Did you expect to be working in cyber?
My first internship landed me at a consulting firm supporting a large financial services company. My project for the summer focused on privacy, and that’s when I found my calling. If someone told me back then that I would end up working privacy and cybersecurity issues for the Federal Government, I don’t think I would have believed them. But this is such an impactful area, and I’m very proud to be working side-by-side such amazing colleagues who are making a difference.
What's your day-to-day role look like?
Every day is different. From conducting risk assessments and writing policies, to handling the latest data breach, there’s always something new and challenging awaiting around the corner
I’m also a part-time employee. This was one of my biggest drivers coming to Booz Allen. I wanted the flexibility. I have two small kids, and the work-life balance Booz Allen offered was very attractive. It’s awesome to be involved in interesting, challenging work and feel like I’m making an impact for clients, and doing it in a way that meets my family’s needs. It’s the best of both worlds.
What do you believe are the top cybersecurity challenges facing agencies today?
One of the biggest challenges is educating and maintaining a skilled workforce. It’s often said that people are the most important asset, and I absolutely agree.
Why should women join the cybersecurity industry?
Women, by nature, are good at multi-tasking—balancing multiple priorities at once in their professional and personal lives. Cybersecurity is an area where the skill of multi-tasking is necessary. It’s an industry that’s constantly evolving, between new technologies, more sophisticated attacks, and a complex policy landscape, it takes an expert multi-tasker to keep up with it all.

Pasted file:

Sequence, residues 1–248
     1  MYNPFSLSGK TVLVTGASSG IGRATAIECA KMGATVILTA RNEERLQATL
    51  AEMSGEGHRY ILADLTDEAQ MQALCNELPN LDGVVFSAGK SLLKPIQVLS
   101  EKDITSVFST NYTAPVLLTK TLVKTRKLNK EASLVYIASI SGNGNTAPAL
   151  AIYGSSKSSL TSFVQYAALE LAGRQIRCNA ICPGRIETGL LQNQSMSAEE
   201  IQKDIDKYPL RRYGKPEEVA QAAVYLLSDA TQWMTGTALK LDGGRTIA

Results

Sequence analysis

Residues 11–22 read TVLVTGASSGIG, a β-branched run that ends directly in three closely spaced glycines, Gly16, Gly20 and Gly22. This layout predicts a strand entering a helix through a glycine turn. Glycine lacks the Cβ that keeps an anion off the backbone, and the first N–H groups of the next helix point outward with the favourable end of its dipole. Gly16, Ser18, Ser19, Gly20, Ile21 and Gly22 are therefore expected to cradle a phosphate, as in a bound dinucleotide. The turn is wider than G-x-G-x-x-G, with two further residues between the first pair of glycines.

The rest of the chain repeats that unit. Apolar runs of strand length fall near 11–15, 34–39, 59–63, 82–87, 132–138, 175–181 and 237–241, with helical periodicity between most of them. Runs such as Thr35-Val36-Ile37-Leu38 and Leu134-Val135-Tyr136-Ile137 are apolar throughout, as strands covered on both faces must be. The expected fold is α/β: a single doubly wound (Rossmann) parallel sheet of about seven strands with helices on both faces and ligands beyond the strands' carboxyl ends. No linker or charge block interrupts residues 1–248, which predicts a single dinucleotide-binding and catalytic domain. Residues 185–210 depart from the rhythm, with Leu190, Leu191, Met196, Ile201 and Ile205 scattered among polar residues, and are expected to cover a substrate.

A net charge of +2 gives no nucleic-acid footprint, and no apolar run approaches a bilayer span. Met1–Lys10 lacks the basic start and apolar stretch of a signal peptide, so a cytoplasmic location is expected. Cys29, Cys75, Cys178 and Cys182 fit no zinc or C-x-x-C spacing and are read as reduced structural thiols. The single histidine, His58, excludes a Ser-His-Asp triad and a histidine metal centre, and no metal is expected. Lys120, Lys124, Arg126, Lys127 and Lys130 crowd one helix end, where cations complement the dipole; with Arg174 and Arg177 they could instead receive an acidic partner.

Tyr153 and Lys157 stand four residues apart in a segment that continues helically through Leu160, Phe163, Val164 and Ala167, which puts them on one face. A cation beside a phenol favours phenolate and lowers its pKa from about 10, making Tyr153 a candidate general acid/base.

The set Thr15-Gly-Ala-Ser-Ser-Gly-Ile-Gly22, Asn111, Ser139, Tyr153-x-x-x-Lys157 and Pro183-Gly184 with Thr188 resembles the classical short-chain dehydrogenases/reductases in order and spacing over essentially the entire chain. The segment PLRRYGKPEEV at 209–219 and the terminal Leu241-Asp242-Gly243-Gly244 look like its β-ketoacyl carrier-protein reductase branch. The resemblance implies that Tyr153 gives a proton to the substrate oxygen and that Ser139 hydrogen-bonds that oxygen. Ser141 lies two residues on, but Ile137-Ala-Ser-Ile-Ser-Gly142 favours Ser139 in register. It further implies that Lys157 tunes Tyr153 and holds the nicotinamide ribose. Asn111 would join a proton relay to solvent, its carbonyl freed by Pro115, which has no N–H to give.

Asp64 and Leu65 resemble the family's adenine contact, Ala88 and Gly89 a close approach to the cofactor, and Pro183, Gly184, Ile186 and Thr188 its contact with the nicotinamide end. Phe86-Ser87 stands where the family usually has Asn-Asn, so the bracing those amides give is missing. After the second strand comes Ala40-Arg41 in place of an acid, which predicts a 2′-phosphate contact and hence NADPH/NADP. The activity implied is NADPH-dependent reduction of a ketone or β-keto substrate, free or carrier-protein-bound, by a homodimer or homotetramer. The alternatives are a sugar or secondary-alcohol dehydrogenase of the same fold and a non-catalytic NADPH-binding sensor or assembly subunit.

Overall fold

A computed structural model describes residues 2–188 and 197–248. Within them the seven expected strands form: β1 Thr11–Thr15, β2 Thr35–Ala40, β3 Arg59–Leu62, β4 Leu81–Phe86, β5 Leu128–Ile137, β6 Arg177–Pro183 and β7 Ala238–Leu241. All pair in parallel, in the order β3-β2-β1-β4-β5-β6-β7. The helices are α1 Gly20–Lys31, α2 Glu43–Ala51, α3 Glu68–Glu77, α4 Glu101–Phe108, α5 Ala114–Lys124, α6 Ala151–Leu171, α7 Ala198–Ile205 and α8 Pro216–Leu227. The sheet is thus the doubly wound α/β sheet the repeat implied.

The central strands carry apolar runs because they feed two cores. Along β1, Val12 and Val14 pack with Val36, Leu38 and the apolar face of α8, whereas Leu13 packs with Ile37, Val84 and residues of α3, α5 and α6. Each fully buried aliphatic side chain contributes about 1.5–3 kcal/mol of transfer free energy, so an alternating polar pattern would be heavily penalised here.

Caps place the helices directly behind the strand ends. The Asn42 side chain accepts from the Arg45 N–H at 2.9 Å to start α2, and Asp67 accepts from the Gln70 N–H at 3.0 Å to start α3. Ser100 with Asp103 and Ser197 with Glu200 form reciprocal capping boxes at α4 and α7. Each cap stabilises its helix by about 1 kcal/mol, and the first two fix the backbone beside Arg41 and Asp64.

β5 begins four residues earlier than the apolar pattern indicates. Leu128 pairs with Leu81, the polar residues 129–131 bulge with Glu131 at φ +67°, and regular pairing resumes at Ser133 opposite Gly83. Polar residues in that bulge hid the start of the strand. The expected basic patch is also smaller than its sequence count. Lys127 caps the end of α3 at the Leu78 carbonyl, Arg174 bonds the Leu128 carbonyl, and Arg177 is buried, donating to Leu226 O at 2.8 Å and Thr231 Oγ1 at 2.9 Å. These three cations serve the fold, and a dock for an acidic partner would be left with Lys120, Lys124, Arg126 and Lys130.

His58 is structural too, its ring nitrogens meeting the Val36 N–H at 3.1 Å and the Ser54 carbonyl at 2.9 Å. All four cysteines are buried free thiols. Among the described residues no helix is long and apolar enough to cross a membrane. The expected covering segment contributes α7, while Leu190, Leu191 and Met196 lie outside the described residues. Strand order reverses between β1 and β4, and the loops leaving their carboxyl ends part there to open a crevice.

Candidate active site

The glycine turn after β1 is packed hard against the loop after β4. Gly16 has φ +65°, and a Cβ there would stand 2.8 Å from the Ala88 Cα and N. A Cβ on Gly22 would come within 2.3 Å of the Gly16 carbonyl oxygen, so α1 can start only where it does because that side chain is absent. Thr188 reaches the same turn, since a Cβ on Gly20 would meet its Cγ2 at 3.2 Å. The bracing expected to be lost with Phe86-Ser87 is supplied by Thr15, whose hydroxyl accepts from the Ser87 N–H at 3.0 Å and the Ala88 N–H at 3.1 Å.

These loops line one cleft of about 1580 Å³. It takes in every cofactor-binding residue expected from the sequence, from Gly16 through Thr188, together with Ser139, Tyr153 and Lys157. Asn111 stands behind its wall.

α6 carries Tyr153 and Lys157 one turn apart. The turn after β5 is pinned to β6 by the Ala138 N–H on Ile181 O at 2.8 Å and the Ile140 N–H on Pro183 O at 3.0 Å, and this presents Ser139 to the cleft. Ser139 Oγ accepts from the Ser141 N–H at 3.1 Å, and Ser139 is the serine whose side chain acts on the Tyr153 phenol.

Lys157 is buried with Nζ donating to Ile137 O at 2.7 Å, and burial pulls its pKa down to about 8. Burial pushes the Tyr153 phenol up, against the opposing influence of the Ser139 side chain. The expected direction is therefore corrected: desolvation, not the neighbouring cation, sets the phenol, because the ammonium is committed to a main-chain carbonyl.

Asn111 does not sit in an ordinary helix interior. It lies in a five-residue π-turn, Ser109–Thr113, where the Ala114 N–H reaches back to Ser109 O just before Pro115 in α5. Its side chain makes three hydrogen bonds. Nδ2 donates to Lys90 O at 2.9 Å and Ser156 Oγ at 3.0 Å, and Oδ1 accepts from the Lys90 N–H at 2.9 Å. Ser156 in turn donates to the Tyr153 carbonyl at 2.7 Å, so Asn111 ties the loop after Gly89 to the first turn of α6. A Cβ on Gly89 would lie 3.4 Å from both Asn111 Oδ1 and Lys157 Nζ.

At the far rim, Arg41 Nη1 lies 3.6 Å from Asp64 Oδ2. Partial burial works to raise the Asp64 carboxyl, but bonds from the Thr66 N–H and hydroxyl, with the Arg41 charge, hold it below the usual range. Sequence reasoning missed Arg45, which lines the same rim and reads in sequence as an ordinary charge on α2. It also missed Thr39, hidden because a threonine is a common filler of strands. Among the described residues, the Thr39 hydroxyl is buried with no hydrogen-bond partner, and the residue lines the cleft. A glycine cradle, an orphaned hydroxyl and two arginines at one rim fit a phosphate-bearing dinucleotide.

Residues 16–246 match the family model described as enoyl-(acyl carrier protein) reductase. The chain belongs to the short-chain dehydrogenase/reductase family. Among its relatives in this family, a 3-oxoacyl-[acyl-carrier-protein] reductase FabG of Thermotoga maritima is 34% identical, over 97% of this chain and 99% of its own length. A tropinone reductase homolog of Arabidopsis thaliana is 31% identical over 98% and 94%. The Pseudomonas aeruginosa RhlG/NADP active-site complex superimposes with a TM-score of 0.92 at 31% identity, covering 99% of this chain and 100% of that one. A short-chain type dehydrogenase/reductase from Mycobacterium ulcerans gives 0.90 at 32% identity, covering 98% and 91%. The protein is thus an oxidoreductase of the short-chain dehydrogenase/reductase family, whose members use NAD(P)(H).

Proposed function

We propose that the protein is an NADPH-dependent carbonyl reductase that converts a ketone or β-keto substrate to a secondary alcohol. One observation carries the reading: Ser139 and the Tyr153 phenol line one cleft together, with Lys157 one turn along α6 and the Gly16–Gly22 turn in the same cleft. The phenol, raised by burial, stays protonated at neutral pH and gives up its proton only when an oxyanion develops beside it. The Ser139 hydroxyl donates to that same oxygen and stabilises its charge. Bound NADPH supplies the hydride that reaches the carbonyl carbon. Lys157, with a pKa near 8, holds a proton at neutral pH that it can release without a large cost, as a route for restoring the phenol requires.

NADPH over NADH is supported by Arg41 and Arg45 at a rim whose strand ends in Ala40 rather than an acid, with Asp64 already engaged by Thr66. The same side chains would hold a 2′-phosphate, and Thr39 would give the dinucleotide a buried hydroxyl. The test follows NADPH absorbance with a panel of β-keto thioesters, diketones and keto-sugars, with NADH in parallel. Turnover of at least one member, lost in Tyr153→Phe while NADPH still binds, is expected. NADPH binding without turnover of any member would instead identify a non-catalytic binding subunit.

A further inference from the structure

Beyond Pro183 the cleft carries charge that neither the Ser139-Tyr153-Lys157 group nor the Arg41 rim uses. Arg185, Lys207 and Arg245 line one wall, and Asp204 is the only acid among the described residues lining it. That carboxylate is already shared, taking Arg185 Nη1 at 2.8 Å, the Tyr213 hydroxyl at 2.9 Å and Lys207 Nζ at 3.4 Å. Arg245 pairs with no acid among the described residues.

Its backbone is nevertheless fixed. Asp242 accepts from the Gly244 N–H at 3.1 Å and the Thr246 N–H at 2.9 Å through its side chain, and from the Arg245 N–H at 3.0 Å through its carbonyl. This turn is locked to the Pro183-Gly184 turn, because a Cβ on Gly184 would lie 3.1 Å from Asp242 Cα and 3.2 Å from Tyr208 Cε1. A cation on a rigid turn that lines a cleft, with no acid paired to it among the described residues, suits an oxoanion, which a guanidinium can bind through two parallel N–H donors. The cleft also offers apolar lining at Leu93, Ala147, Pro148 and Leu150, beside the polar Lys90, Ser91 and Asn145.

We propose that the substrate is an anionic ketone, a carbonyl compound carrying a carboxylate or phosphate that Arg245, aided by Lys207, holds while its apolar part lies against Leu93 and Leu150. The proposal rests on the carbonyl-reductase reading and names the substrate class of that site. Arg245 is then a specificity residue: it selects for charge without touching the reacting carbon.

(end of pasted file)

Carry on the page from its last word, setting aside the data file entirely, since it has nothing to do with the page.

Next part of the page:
What are the easiest ways for a workplace to become more secure?
Increase cyber and privacy awareness programs. I find that organizations make the mistake of equating education to awareness. Both are important and necessary for increased security, but organizations annual training will only get you so far. Privacy and cyber principles need to be reinforced on a regular basis through awareness activities such as reminders, newsletters, tip cards, posters, etc.
How can employees help their organizations be more secure?
Organize or host an awareness event, like a team brown bag to show leadership and increase awareness among your team. You don’t need to be a cyber or privacy subject matter expert to do so. There are a number of great free resources available to help you (such as this site).
How do you help you workforce become more cyber secure?
While I was a federal employee, I led several awareness activities at my agency, from full privacy awareness weeks with multiple events and communications, to the development of awareness materials such as incident reporting cards that fit in an employee’s badge holder. Last year, I presented at a Booz Allen National Cyber Security Awareness Month event on privacy in a connected world. Where I gave practical tips on protecting privacy at work and at home. I also serve as the security/privacy training and incident reporting lead for one of our major federal clients where I deliver annual training to our client-facing workforce.